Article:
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The standard you walk past is the standard you are liable for

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HC Online | 20 Jun 2013, 12:00 AM Agree 0
The recent sex discrimination and harassment scandals rocking the Australian Defence Force have left Lisa Croxford wondering if managers are aware that the behavioural standards they walk past are the same standards they are personally held accountable for.
  • Bernie Althofer | 20 Jun 2013, 09:32 AM Agree 0
    Sitting in a Court, Commission or Tribunal saying "Nobody told me" is just not going to be accepted anymore.

    It seems that in some cases, there is a disconnect between what written policies and procedures say leaders and managers and even employees are required to do, and what they actually do. I suspect that the workplace culture is often blamed, but when it all comes down to tin tacks, it is the individual who has to take responsibility and be accountable for their actions or lack thereof.

    Everyone is faced with choices and given the complexity of issues involved trying to separate work from play, some individuals may get caught up in a mistaken belief that what they 'deem' acceptable at play, is also acceptable in the workplace, particularly when they associate with the same group of people at work and at play.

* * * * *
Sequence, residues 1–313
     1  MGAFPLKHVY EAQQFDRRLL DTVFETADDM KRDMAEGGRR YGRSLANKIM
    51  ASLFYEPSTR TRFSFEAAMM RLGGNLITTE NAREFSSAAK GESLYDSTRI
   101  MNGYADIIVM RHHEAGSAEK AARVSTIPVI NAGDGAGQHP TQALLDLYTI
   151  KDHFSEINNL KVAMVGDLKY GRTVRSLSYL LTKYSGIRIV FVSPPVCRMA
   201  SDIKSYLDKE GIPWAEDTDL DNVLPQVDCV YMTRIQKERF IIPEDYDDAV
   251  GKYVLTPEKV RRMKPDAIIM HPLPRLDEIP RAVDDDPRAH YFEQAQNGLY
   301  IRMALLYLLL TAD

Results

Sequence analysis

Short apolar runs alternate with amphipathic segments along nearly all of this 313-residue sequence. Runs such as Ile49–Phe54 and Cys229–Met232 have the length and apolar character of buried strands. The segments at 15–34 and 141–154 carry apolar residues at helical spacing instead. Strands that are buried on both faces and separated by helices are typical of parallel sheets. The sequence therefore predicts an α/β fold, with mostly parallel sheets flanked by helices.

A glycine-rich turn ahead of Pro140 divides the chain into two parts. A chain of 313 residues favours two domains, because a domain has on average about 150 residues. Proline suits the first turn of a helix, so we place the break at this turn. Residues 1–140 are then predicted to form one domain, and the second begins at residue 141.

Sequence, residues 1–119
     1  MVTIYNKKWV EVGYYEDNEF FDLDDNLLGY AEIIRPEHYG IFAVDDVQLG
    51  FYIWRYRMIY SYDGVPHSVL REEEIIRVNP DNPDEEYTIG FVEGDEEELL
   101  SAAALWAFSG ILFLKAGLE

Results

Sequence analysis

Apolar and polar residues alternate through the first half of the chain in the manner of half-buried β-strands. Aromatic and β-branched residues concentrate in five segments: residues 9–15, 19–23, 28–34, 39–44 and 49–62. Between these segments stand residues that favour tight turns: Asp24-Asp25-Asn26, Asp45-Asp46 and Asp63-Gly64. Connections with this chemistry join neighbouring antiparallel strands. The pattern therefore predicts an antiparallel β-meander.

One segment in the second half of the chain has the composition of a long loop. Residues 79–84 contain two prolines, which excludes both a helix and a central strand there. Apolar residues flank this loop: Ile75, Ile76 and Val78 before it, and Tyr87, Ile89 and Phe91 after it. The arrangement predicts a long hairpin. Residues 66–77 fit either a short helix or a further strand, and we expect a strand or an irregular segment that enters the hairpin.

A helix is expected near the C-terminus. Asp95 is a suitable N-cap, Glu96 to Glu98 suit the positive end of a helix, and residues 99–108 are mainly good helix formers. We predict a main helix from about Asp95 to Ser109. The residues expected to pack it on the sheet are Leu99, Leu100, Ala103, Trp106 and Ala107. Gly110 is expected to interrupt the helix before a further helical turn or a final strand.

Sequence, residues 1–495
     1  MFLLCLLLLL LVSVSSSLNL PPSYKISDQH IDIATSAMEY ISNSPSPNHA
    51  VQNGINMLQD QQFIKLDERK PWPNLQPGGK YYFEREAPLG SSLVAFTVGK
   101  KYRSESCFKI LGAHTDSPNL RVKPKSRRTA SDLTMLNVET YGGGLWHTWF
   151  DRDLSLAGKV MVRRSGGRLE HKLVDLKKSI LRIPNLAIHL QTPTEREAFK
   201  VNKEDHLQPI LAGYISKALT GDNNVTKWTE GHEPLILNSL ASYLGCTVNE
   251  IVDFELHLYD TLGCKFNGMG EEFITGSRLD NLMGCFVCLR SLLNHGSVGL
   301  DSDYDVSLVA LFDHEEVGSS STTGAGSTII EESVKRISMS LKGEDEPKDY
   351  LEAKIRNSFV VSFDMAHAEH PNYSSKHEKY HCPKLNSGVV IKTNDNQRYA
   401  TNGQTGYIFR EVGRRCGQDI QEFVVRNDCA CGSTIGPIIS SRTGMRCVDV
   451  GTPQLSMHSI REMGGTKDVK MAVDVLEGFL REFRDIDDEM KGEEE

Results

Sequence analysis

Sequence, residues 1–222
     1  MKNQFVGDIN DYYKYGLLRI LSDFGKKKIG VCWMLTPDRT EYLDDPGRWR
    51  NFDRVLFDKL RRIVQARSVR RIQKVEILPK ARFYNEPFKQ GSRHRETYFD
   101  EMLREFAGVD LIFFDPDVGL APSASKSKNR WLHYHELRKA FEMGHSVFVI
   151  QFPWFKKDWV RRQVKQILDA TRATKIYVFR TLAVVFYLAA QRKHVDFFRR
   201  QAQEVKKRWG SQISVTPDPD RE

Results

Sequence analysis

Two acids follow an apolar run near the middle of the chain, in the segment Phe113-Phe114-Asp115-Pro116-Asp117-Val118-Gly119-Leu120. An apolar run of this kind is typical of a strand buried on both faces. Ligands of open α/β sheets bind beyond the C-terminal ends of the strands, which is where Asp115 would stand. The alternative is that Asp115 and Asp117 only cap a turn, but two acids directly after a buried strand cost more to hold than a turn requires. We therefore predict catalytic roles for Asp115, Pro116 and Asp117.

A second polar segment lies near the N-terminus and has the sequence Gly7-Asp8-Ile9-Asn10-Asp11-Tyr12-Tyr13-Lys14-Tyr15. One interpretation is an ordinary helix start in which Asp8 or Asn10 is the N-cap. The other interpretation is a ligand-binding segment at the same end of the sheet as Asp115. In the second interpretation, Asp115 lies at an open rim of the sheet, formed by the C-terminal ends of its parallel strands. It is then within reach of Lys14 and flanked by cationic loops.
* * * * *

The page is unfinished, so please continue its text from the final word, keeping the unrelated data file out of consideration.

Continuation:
It is easy enough to walk past unacceptable behaviour but it does take courage to stand up and be counted, particularly in those workplaces where such actions (speaking out) results in the individual/s be isolated. It can be a lonely and insular position to be in when speaking up, but if more and more individuals join together, then the minority becomes the majority. If everyone takes a stand, and clearly speaks out and steps up when they see or hear unacceptable behaviour, then workplaces might change.
  • RivercityIR | 22 Jun 2013, 09:22 AM Agree 0
    A manager once told me the easiest way to establish if your behaviour is acceptable or not is to ask your mother. If she is offended then chances are everyone else will be as well.
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